Why Me? What Makes Some People More Susceptible to Online Fraud?

With an increasing amount of online fraud being conducted in the form of “phishing” emails, a recent paper looked at the cognitive and emotional characteristics of younger and older adults that might make them more susceptible to this type of fraud.

Researchers measured cognition, emotion, and level of trust in others in study participants in three age groups (18–37, 62–74, and 75–89). Participants were asked to use the internet for three weeks during the study. Unbeknownst to participants, the study team sent 21 simulated phishing emails to participants. These emails employed common techniques in malicious emails to obtain personal information or to get the user to click on an unsafe link. After the 21 days of internet use, participants were asked to rate a different set of malicious emails on how likely they were to click on each, to measure “susceptibility awareness.”

Over the course of the study, about 57 percent of participants did not click on a malicious email. (There were no differences among the three age groups.)

When cognitive tests were taken into account, the researchers found only participants in the 75 to 89 age group showed an association between poorer performance on a word recall test and a greater likelihood of clicking on a malicious email.

As for the emotional tests, those individuals between 65 and 75 and 75 to 89 with fewer reported positive emotions were more likely to click on the malicious email, but this was not the case for the youngest group. Scores on interpersonal trust showed no association with clicking on the malicious emails.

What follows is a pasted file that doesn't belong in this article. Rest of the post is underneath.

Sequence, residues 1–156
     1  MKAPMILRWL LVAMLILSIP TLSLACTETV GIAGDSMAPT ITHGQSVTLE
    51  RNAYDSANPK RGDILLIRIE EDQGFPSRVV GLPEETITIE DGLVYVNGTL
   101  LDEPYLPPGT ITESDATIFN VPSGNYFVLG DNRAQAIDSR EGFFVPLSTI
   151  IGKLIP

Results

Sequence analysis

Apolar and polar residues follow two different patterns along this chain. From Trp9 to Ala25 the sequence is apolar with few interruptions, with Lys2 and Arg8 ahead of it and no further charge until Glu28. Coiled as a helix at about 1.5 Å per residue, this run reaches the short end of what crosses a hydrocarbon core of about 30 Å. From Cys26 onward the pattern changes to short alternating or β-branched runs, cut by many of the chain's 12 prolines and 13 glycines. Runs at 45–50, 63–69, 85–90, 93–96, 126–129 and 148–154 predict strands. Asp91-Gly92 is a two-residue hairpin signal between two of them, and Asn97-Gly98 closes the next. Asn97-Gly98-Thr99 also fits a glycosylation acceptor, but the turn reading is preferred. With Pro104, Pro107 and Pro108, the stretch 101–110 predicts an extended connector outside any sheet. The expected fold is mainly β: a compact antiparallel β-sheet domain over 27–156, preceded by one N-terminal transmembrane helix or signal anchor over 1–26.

In terms of susceptibility awareness, participants in the 25 to 39 and 65 to 74 age groups with higher category fluency scores showed lower susceptibility awareness. However, the opposite was found in the oldest group. On the emotional tests, the 25 to 39 and 75 to 84 age groups with greater positive emotions showed greater susceptibility awareness, but this was not seen in the 65 to 74 age group. Interpersonal trust showed no significant association.

Overall, these findings provide insights into factors that might impact resilience against or susceptibility to online phishing scams. And the fact that just under half of all participants clicked on at least one phishing email points to the need for greater education about online scams for all age groups.

 

Source:

Ebner NC, Ellis DM, Lin T, et al. Uncovering susceptibility risk to online deception in aging. The Journals of Gerontology: Series B. (2018). DOI: 10.1093/geronb/gby036

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